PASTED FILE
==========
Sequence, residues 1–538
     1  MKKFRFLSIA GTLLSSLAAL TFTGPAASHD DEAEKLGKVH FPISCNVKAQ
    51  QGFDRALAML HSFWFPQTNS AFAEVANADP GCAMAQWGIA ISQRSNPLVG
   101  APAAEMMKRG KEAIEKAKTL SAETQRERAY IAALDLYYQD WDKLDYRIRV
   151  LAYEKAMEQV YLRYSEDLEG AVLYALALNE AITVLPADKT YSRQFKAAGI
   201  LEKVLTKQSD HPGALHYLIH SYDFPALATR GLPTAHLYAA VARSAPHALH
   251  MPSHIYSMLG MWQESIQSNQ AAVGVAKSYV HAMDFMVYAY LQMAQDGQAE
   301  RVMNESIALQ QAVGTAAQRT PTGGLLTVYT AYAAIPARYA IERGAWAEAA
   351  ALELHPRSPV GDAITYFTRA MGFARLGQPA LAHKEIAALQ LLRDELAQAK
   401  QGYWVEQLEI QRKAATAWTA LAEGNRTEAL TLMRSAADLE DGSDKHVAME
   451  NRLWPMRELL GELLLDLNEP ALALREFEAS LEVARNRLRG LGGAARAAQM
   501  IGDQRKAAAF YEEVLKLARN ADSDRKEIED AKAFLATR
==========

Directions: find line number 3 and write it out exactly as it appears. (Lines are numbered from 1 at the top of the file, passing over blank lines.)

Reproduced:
    51  QGFDRALAML HSFWFPQTNS AFAEVANADP GCAMAQWGIA ISQRSNPLVG